Expanding the use of science maps in sociological analyses by positioning actors in knowledge landscapes
STSM of Jochen Gläser (TU Berlin, Germany) at INGENIO (Valencia, Spain) 2016-03-30 to 2016-04-09
One of the enduring problems in research on the impact of governance on research content is the difficulty – if not impossibility – to draw conclusions from micro-level findings on changed conduct and content of research to macro-level changes in the dynamics of research fields. Tracing causation through the micro-level of researchers and groups is necessary because this is where governance and research content ‘meet’, and because establishing causality directly on the macro-level fails due to the many confounding variables (Gläser and Laudel 2016).
But how can one link the rich and robust findings on research trajectories of individuals and groups to macro-level changes in knowledge? This is where bibliometrics and mapping come in. Bibliometrics not only offers unobtrusive methods for addressing research content. It is also ‘scale-free’ in that it uses the same objects (publications) and their properties for analyses of research content at all levels of aggregation from the researcher to disciplines.
If sociologists could position individuals and groups on maps of knowledge, follow their intellectual trajectory and link changes in their research to the dynamics of fields, they would not only gain rich information on the intellectual world in which their subjects live but also be able to explore how individuals drive the change of fields. They could then link the micro-level responses to governance – changed research agendas – to macro-level changes of knowledge and thus complete the causal argument.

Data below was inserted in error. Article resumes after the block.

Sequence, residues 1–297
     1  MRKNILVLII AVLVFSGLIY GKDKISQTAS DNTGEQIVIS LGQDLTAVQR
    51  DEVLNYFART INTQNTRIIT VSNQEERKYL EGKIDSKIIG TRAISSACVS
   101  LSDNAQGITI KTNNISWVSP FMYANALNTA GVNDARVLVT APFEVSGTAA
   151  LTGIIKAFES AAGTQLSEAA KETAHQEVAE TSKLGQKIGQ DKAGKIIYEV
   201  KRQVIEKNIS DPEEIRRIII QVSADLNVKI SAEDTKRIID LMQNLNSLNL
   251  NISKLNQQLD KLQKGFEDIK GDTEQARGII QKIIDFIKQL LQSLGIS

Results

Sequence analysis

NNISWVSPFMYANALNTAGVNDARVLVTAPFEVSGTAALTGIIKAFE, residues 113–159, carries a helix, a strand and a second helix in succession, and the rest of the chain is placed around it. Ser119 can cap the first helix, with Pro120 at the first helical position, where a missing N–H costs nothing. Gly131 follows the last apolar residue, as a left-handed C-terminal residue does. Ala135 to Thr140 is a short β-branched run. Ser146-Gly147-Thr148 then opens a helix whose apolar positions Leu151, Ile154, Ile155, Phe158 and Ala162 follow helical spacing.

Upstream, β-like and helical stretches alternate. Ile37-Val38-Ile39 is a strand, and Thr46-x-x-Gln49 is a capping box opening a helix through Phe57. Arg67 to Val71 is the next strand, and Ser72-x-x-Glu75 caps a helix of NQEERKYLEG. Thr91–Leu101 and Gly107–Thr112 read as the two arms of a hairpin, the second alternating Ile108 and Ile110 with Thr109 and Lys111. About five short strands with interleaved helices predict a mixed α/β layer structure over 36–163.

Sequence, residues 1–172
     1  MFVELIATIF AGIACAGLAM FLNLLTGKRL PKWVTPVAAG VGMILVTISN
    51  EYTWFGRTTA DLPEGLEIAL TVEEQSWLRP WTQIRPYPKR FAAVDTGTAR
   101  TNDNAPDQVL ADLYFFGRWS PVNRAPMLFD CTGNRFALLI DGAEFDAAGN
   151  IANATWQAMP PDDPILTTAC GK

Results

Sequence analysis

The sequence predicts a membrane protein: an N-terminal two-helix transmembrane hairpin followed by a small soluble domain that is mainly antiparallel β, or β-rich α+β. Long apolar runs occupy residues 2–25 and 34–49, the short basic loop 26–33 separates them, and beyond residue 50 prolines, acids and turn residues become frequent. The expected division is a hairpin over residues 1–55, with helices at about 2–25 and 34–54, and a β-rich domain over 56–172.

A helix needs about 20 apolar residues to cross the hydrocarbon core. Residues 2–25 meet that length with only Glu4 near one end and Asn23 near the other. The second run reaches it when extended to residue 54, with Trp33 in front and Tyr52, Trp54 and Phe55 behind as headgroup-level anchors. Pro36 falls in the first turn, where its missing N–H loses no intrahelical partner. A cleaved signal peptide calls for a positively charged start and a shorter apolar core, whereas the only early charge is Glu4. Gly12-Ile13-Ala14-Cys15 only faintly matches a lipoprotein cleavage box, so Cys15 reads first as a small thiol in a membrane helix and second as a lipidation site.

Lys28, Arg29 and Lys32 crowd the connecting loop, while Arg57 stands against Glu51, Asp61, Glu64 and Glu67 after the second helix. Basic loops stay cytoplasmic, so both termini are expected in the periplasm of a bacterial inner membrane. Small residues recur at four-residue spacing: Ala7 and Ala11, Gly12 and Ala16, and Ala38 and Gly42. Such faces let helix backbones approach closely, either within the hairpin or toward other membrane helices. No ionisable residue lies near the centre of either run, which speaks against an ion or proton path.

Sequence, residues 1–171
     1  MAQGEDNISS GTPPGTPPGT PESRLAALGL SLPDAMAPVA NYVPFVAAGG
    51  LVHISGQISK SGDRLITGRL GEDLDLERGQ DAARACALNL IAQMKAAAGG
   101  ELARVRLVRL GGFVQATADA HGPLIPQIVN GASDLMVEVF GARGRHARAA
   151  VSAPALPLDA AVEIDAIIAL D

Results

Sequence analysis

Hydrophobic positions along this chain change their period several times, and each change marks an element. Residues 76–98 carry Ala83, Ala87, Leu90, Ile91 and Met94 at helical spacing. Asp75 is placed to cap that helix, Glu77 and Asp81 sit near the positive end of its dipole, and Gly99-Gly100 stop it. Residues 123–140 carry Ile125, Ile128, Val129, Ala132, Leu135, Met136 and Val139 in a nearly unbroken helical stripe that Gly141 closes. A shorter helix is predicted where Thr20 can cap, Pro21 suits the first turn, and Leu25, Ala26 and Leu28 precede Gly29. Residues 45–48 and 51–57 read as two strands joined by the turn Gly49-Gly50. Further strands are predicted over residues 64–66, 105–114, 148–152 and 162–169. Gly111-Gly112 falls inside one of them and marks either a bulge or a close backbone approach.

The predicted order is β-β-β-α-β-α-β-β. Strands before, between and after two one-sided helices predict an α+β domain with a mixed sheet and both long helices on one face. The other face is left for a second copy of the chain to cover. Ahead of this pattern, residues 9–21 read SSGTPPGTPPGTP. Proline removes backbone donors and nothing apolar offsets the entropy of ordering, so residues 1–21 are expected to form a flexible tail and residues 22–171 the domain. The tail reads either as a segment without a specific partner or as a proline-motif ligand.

Doing this requires positioning individuals and groups in high-resolution maps of science. In order to ‘see’ individual-level changes in such a map, individual research agendas need to be linked to small clusters, i.e. the more than 100,000 clusters of the maps constructed by Boyack and Klavans (Boyack and Klavans 2014) or the 22,412 research areas of the classification system developed by Waltman and van Eck (Waltman and van Eck 2012).
Discussing the opportunities to do this with publicly available, easy-to-use and non-proprietary methods was the purpose of my STSM at INGENIO in Valencia. In discussions with Ismael Rafols and his colleagues I explored opportunities to link micro-level bibliometric profiles of researchers to maps of science. Bibliometric representations of research trails are a standard instruments in my qualitative, interview based studies (Diagram). They are based on Web of Science publications, and their UT can be used to identify them in a publication-based map of science. How robust, accurate and informative such a positioning is, and what it tells us about the elusive micro-macro link in knowledge production, remains will be the subject of further collaborative research.
Example of representations of research trails used in interviews (based on bibliographic coupling, see Gläser and Laudel 2015 for more details).
TU Berlin, Germany
Boyack, Kevin W. and Richard Klavans (2014). Creation of a highly detailed, dynamic, global model and map of science. Journal of the Association for Information Science and Technology 65(4): 670-685.
Gläser, Jochen and Grit Laudel (2015). A Bibliometric Reconstruction of Research Trails for Qualitative Investigations of Scientific Innovations. Historical Social Research – Historische Sozialforschung 40(3): 299-330.
Gläser, Jochen and Grit Laudel (2016). Governing science: how science policy shapes research content. European Journal of Sociology 57(1): forthcoming.
Waltman, Ludo and Nees Jan van Eck (2012). A new methodology for constructing a publication-level classification system of science. Journal of the American Society for Information Science and Technology 63(12): 2378-2392.